Operators, Suppliers Share Solutions at School Bus eXchange

Thomas McMahon
Posted on April 19, 2018

NAPT Executive Director Mike Martin (right) led a discussion of driver shortage at School Bus eXchange.
NAPT Executive Director Mike Martin (right) led a discussion of driver shortage at School Bus eXchange.
SCOTTSDALE, Ariz. — School bus driver shortage, alternative fuels, and student behavior on the bus were key topics of discussion at the 2018 School Bus eXchange (SBX).

The event, produced by the National Association for Pupil Transportation (NAPT) and School Bus Fleet, took place Monday to Wednesday in Scottsdale. More than 30 public and private school bus operators and 25 manufacturers and supplier companies participated in the 2018 edition of SBX.

The event kicked off with a keynote address by Linda Bluth, a special-needs transportation expert and past NAPT president. In a follow-up to her presentation at last year’s SBX, Bluth discussed the policies of U.S. Education Secretary Betsy DeVos, who is a proponent of school choice, charter schools, and vouchers to enable students to attend private schools with public funding.

Bluth noted that transportation has been found to be a barrier to school choice — for example, charter and magnet schools often don’t provide school bus service. If more parents choose to send their children to those types of nontraditional schools, one of the side effects could be that fewer students will ride school buses.

Bluth exhorted SBX attendees — and the industry in general — to find ways to contribute their expertise on safe transportation to the school reform efforts.

In another SBX session, NAPT Executive Director Mike Martin led a discussion of school bus driver shortage, which remains a top challenge throughout the industry. Martin asked attendees what has been working for them when it comes to recruiting and retaining drivers.

Greg Jackson, executive director of transportation and fleet services for Jefferson County (Colo.) Public Schools, said that one of his efforts related to driver retention has been aimed at improving student discipline. His department partnered with schools to implement a PBIS (positive behavioral intervention and supports)-type program. Jackson said that the program gives attention to good behavior rather than bad behavior, while recognizing that some students might need extra help in this area.

“We need to give them some support and put them in the right direction,” Jackson said.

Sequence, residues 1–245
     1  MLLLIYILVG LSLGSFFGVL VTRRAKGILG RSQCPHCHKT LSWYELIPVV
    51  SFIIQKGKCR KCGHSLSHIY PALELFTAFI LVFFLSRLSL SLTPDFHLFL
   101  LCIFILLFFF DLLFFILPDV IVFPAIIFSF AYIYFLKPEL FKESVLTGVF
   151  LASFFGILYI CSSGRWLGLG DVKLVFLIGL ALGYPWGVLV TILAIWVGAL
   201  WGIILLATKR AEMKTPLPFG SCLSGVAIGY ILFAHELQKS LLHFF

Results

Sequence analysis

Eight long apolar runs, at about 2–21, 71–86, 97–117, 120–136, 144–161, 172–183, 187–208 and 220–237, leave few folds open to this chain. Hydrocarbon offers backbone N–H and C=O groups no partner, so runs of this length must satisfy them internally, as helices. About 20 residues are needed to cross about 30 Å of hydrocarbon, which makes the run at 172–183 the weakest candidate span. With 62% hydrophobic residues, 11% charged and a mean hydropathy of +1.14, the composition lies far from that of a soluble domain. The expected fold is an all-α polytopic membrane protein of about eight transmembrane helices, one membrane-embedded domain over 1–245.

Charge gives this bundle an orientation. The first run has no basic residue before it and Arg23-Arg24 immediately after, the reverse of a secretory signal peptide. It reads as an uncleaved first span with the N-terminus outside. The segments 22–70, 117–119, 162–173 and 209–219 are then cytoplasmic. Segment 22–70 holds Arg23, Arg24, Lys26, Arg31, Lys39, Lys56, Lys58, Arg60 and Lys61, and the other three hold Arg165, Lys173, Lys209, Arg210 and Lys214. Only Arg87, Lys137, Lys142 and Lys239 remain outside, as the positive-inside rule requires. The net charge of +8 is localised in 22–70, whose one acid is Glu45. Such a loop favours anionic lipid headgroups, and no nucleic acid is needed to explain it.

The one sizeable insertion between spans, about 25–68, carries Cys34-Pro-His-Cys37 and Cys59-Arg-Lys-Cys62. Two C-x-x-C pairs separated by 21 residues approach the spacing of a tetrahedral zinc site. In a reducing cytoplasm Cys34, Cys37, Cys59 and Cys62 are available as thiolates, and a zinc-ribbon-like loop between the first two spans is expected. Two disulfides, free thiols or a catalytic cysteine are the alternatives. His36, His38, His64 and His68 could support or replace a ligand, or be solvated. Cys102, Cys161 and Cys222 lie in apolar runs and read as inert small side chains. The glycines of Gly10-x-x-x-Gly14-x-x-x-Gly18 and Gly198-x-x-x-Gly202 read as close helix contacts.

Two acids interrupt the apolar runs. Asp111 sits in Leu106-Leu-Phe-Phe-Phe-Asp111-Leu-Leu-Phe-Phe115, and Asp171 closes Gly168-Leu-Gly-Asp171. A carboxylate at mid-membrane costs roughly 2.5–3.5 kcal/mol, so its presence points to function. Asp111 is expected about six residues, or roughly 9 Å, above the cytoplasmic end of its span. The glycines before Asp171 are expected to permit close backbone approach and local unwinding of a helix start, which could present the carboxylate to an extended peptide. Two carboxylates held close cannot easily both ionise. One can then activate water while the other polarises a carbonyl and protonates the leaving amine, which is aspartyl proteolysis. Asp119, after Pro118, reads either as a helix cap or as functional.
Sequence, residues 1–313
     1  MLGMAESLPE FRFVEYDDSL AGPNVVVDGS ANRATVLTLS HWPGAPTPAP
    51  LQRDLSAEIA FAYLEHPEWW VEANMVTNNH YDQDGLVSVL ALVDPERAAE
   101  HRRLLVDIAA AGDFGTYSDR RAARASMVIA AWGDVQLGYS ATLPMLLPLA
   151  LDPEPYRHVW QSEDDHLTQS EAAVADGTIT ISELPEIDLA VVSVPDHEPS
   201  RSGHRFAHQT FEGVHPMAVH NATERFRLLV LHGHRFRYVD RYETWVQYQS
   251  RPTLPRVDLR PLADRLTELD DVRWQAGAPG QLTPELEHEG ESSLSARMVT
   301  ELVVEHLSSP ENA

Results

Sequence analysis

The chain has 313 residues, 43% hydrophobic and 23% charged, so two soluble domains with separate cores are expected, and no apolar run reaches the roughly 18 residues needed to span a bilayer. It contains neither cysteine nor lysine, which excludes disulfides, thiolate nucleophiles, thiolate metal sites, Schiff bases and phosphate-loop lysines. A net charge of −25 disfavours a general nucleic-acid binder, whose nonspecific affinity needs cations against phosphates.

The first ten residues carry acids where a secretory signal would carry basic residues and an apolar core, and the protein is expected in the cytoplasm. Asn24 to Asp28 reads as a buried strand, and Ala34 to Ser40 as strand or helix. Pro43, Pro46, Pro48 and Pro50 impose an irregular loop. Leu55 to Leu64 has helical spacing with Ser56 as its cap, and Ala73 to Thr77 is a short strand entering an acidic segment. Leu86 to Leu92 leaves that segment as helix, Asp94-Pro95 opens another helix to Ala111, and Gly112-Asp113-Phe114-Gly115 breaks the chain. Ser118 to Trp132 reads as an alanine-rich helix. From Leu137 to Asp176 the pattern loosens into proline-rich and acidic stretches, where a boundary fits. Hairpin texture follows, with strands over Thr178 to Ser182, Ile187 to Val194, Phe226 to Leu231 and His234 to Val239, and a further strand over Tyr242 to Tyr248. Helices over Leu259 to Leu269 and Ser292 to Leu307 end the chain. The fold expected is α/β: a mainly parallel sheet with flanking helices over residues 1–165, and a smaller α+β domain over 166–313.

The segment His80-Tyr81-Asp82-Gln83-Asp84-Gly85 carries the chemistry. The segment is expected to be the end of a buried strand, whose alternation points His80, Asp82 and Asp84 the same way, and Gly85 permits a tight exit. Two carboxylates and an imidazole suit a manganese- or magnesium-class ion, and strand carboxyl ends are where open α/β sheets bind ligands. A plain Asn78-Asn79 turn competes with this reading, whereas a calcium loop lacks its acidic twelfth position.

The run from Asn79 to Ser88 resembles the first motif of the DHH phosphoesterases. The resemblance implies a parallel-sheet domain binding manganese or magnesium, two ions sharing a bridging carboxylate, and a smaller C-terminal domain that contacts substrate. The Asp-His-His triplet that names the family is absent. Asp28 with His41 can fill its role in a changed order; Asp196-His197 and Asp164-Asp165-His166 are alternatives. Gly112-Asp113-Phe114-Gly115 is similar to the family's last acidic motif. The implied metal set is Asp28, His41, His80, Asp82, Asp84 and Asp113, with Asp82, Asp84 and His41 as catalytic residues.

Margarito Casillas, assistant director of transportation for Vail (Ariz.) Unified School District, said that he has worked to boost driver morale in his department by “doing some of the small things.” That has included attendance and retention bonuses, birthday cards signed by the whole administrative staff, and the formation of a committee called BUS (“Bring Us Solutions”) that is working to improve the culture of the department. Maintaining a strong relationship with the district’s HR team has also helped with driver recruitment and retention.

“We work well with the human resources department,” Casillas said. “I think that’s very key.”

Also at SBX, SBF General Manager James Blue led a panel session in which officials from Blue Bird, IC Bus, and Thomas Built Buses answered questions about alternative fuels, covering such issues as total cost of ownership, emissions, and fueling infrastructure.

Another SBX roundtable session focused on challenges with student behavior on the bus.
Another SBX roundtable session focused on challenges with student behavior on the bus.
In another session, Linda Bluth engaged with SBX attendees on the subject of student behavior on the school bus. Bluth recommended that transportation directors promote the concept of the school bus being an extension of the classroom, with the same expectations for discipline and support from school administrators.

“Students need to know the consequences [of misbehavior],” Bluth said. “Superintendents have to support that the principal is responsible for behavior on the bus.”

More coverage of the 2018 SBX will appear in the June issue of SBF.

Related Topics: alternative fuels, behavior management, driver recruitment/retention, driver shortage, NAPT, School Bus eXchange

Thomas McMahon Executive Editor
Comments ( 2 )
  • Michael Shields

     | about 2 years ago

    Thank you for selecting topics that are very relevant. If there were notes taken in the various discussions it would be great to learn from each other. One of the things I have found is that the instructional side of our business is very well intentioned and draw conclusions about how redirection of behavior should be conducted on the bus without first hand experience on the bus. To that end, recently I was accorded the privilege to speak at a PBIS conference along with two of our districts PBIS coaches. We were very fortunate that as we set about adopting PBIS two years ago and partnering with our schools we found there was something missing. What was missing you may ask? PBIS instructional model is designed for classrooms not school buses. To that end, three of our PBIS coaches (one of them being the coordinator) came and road about nine buses on various routes each. We formed a partnership and a committee (transportation (director, manager, and admin assistant), PBIS coaches, a school behavior specialist). We have developed an instructional manual for school bus drivers. All people wish to hear more positive things than negative. We are hopeful and optimistic this program will yield the desired results. We are seeing more issues of violence and aggression by students. Our district has also formed a team of folks to examine de-escalation techniques for these kids and transportation has a seat at the table. Working closely together to support our drivers will hopefully have positive impact on driver retention.

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